Subject: UN rights chief backs Timor trial plan, but UN tribunal possible

UN rights chief backs Timor trial plan, but UN tribunal possible

JAKARTA, Nov 23 (AFP) - UN human rights chief Mary Robinson on Thursday supported Indonesia's efforts to try the perpetrators of last year's violence in East Timor, but held open the possibility of convening an international tribunal if the guilty were not brought to justice.

Robinson said she welcomed "the serious commitment of the attorney general and of the parliament," to bring to trial military and civilian suspects in the wave of violence which swept East Timor after its people voted for independence.

But speaking after talks with Attorney General Marzuki Darusman on Jakarta's progress in prosecuting, she said rights violators in East Timor could expect no impunity.

"No! There is always that in the background, isn't it?" she said when asked if she would rule out convening an international tribunal to try those behind the violence.

The Indonesian government has fingered 22 suspects -- several of them high-ranking army officers -- in the violence that preceded and followed the UN-held ballot in East Timor in August 1999.

"It is very important to have accountability which means there should not be impunity ... there has to be a real accountability once there has been a conviction for serious offenses.

"There cannot be impunity for those who have been convicted for gross human rights violations. First of all it is important that they are brought to trial that they are (held) accountable and the accountability is meaningful," she added.

On November 6, the lower house of Indonesia's parliament passed a new human rights court bill that would enable the trial of past human rights abuses.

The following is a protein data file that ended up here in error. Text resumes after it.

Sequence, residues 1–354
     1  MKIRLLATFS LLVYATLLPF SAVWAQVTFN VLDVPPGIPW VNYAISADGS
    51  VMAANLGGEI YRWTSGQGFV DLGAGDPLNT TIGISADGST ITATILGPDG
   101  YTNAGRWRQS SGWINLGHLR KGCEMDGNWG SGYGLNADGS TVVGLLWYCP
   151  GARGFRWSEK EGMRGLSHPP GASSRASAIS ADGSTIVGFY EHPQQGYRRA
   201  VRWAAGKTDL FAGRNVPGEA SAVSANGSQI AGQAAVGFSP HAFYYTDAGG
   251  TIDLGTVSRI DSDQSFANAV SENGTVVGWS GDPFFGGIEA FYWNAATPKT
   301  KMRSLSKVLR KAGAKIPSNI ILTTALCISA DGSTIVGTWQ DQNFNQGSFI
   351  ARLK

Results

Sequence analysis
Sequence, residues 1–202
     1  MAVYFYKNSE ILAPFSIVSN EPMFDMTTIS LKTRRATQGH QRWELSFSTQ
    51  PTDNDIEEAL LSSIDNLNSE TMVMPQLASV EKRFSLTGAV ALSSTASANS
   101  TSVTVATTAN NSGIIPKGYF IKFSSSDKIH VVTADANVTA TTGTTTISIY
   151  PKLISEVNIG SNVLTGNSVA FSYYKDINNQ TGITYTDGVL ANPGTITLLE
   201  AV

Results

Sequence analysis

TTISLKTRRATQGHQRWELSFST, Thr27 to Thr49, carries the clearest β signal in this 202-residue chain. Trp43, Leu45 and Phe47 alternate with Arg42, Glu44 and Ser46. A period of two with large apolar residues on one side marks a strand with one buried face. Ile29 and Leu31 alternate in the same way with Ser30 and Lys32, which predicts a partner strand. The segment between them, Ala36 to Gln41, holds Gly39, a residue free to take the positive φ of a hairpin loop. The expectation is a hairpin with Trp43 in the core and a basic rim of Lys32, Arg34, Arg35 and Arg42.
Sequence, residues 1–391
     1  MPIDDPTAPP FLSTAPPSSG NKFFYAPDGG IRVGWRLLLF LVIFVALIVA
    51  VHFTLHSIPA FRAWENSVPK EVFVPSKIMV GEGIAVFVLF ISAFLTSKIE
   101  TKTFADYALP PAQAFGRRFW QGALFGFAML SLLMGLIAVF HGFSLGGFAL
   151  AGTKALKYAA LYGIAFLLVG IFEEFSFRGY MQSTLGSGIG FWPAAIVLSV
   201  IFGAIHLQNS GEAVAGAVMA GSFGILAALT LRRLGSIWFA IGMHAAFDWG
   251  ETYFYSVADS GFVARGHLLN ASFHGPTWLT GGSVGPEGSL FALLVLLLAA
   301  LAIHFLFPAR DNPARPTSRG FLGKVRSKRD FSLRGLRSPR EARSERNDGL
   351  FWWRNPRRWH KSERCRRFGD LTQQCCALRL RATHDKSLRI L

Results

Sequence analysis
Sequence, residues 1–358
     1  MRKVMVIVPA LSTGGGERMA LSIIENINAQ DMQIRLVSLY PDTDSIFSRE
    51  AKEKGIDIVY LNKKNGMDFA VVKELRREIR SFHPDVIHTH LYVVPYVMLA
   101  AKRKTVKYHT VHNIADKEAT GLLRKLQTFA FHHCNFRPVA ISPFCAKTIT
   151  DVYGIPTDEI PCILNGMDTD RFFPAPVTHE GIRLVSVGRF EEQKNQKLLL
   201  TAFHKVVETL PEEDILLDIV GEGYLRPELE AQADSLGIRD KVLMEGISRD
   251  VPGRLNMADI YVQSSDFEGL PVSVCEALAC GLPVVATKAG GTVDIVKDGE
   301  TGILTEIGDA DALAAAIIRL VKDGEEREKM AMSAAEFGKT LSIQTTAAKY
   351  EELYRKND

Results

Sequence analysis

It provides for a maximum 25 years in jail for gross rights violations including genocide and crimes against humanity.

Any ad hoc rights tribunals set up to address rights cases would first have to win both presidential and parliamentary approval.

Robinson also said her office would provide technical assistance in the form of training for Darusman's office.

It would enable Indonesian judges "to be fully trained to try cases involving human rights violations," she said, adding technical assistance would also include trips for Indonesian judges to the international tribunal at The Hague.

"I think it's very important if a country is committed to establishing a human rights courts that meets international standards and is prepared to have the training of judges to ensure that they fulfil their role ... to me that is the best solution."

Darusman said the new court -- that would try four major attacks and the murder of a Dutch journalist in East Timor -- would likely be established in January.

Some 250,000 East Timorese fled or were forced from their homes during last year's wave of terror and arson blamed on militias, raised and trained by the Indonesian army, after the territory voted for independence from Jakarta.

Witnesses and rights activists have said the military either actively or tacitly backed the pro-Indonesian militia in the deadly rampage in the former Portuguese colony which was invaded by Indonesia in 1975.

Hundreds of people were killed and of the thousands who were forced to flee to neighbouring West Timor, some 120,000 remain holed up in squalid camps.


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